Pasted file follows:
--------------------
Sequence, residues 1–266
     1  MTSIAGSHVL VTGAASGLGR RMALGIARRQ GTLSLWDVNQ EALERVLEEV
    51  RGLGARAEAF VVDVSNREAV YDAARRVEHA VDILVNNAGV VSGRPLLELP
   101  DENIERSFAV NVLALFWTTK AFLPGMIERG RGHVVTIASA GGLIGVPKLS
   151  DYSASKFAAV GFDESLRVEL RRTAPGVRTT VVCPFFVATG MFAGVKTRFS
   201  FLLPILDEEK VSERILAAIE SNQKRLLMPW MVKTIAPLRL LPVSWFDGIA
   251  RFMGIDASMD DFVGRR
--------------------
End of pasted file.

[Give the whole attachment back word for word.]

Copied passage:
Sequence, residues 1–266
     1  MTSIAGSHVL VTGAASGLGR RMALGIARRQ GTLSLWDVNQ EALERVLEEV
    51  RGLGARAEAF VVDVSNREAV YDAARRVEHA VDILVNNAGV VSGRPLLELP
   101  DENIERSFAV NVLALFWTTK AFLPGMIERG RGHVVTIASA GGLIGVPKLS
   151  DYSASKFAAV GFDESLRVEL RRTAPGVRTT VVCPFFVATG MFAGVKTRFS
   201  FLLPILDEEK VSERILAAIE SNQKRLLMPW MVKTIAPLRL LPVSWFDGIA
   251  RFMGIDASMD DFVGRR